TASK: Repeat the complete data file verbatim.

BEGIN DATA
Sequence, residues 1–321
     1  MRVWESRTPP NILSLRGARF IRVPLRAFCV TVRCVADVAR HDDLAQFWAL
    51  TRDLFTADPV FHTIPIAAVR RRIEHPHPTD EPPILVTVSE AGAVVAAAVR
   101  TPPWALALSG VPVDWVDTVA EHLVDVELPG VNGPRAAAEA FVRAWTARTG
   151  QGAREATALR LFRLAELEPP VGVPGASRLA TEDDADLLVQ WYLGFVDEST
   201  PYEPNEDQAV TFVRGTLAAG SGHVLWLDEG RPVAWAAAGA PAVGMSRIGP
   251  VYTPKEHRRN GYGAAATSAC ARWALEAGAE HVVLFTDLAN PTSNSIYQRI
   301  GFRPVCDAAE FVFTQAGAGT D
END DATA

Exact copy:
Sequence, residues 1–321
     1  MRVWESRTPP NILSLRGARF IRVPLRAFCV TVRCVADVAR HDDLAQFWAL
    51  TRDLFTADPV FHTIPIAAVR RRIEHPHPTD EPPILVTVSE AGAVVAAAVR
   101  TPPWALALSG VPVDWVDTVA EHLVDVELPG VNGPRAAAEA FVRAWTARTG
   151  QGAREATALR LFRLAELEPP VGVPGASRLA TEDDADLLVQ WYLGFVDEST
   201  PYEPNEDQAV TFVRGTLAAG SGHVLWLDEG RPVAWAAAGA PAVGMSRIGP
   251  VYTPKEHRRN GYGAAATSAC ARWALEAGAE HVVLFTDLAN PTSNSIYQRI
   301  GFRPVCDAAE FVFTQAGAGT D